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Batch Rename Multiple Files on Windows | Try out how to do it.

How to Batch Rename Multiple Files on Windows

 Have a lot of files that you want to rename, but don't want to rename them one by one? Windows provides many more ways to do this.


You can easily rename one or more files with just Windows Explorer, but you can do a lot more with the Command Prompt or PowerShell.


Rename Multiple Files with Windows Explorer


You may know how to rename a single file from Windows Explorer (known as File Explorer in Windows 10), but let's see how to rename multiple files with this.


If you're using a mouse, you have three ways to choose to select a filename and then rename it:

  * Click to select file and then click “Rename” on the Home menu.


  * Click to select file and then click the name of the selected file.


  * Right-click the file and then select “Rename” in the context menu.


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And if you prefer to use the keyboard, you can just use the arrow keys (or start typing the file name) to select a file and then press F2 to select a file name.


After you select the selected file name, note that only the file name is highlighted, not including the final extension. Then you can start typing the new file name.


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When you're done typing, press Enter to save the new name.


You can also press the “Tab” key to automatically select the name of the next file in the folder so you can immediately start typing a new name for the next folder. Keep doing this and you can easily rename all the files in the folder.


If you want to rename multiple files in the same folder and the files don't need to be too different from each other, Windows provides an easier way to batch rename files. The method:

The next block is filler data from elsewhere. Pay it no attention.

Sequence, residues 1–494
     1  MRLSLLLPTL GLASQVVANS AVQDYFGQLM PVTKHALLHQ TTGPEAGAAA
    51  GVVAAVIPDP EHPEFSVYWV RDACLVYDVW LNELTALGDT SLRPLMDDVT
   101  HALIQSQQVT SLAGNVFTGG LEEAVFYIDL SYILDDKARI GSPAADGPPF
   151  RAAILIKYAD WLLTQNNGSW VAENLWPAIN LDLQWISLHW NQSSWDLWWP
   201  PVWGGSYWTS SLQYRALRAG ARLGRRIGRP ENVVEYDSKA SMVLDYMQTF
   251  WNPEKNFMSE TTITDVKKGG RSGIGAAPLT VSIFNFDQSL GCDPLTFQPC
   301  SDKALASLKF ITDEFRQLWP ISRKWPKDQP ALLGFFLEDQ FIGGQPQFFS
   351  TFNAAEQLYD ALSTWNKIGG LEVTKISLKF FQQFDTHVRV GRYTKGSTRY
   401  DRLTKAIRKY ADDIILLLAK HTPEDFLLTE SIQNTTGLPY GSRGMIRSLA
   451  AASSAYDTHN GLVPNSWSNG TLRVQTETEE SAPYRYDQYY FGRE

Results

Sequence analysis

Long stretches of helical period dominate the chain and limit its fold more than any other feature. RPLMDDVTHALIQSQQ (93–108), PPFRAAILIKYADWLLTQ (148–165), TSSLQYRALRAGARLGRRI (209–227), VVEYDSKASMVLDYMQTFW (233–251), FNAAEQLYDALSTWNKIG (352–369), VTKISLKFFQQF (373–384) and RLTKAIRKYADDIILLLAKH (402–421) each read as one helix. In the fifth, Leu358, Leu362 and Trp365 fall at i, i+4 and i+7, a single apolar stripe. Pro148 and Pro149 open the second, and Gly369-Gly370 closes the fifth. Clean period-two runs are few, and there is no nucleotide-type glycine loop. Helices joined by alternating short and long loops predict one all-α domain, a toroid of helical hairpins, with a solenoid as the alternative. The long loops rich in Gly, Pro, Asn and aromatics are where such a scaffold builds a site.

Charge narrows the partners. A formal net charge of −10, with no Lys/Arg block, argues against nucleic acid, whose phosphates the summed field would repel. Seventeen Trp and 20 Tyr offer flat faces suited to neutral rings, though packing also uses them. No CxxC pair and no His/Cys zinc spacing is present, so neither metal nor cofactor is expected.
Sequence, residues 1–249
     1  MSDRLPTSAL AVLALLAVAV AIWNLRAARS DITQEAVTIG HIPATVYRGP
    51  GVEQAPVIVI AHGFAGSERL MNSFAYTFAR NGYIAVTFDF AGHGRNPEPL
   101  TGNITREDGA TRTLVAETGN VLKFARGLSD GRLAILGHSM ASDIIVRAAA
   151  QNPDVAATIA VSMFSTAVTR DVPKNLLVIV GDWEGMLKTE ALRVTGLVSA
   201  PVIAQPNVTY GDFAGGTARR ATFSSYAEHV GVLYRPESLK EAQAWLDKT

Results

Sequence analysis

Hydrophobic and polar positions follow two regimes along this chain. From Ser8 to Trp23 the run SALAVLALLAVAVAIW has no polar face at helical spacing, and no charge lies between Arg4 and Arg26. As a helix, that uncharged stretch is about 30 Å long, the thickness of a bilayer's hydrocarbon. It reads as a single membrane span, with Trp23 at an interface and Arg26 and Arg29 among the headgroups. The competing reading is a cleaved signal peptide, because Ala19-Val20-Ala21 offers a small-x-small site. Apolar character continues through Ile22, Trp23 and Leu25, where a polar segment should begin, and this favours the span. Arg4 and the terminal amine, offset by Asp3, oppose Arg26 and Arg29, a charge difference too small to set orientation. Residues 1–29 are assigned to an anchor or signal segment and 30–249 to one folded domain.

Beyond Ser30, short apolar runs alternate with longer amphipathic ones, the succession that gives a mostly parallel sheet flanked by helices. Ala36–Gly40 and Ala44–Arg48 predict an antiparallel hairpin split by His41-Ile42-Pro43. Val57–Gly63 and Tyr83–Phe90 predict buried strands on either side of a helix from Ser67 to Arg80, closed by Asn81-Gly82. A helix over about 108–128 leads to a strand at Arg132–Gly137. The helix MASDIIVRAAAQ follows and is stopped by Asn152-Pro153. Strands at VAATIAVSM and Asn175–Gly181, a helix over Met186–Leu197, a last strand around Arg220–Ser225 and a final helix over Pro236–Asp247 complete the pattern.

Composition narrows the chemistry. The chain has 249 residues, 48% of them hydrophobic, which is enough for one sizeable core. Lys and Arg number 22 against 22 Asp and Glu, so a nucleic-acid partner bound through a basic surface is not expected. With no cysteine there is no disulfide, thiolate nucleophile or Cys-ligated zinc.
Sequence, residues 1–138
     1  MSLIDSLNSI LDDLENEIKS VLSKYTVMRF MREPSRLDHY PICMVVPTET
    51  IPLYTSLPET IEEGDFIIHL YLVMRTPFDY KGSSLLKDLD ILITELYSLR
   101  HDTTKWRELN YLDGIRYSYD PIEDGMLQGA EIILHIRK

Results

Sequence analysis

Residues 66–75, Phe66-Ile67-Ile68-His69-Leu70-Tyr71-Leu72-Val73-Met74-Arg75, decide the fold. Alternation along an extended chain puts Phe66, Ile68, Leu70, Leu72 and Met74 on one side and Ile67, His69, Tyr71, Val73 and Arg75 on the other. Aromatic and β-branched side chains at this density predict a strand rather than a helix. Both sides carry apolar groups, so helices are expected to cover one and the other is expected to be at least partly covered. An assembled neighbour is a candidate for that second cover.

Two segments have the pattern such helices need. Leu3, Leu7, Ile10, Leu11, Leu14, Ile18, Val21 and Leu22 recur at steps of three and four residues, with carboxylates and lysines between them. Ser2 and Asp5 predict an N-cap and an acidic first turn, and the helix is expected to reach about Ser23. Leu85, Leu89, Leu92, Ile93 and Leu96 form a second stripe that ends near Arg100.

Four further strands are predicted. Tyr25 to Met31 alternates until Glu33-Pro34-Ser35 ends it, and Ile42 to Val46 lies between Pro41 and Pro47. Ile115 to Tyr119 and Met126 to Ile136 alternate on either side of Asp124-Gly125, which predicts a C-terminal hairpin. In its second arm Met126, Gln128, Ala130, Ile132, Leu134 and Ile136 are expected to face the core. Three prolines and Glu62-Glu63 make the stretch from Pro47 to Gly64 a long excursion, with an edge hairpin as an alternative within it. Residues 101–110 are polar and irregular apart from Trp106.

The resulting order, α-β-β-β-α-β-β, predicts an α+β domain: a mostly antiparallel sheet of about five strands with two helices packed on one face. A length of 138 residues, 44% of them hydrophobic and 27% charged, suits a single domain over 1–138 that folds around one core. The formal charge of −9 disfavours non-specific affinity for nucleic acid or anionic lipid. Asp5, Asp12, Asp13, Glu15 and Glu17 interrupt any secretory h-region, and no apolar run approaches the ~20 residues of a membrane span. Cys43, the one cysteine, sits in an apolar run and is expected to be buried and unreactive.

1. Select a group of files that you want to rename (you can hold down the Ctrl key to select multiple files at once, or Shift to select multiple files).


2. Once all files are selected, press the rename command on the Home menu (or you can select “Rename” in the context menu or just press F2).


3. You will see that all files remain selected, but the name of the first file is highlighted so you can type a new name.


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4. Type a new name for the file and then press Enter. All selected files will be renamed using the name you typed, only the back end is added with a number in parentheses to distinguish each file.


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Rename Multiple Files with Command Prompt


If you need something more than that, you can also use the rename or ren command in the Command Prompt. Command accepts characters like * and ? for matching multiple files, this can be helpful if you just want to rename a select selection of files in a full folder.


1. The fastest way to open Command Prompt from a folder is to open the folder in File Explorer. From the “File” menu, point to “Open command prompt,” and then select “Open command prompt.”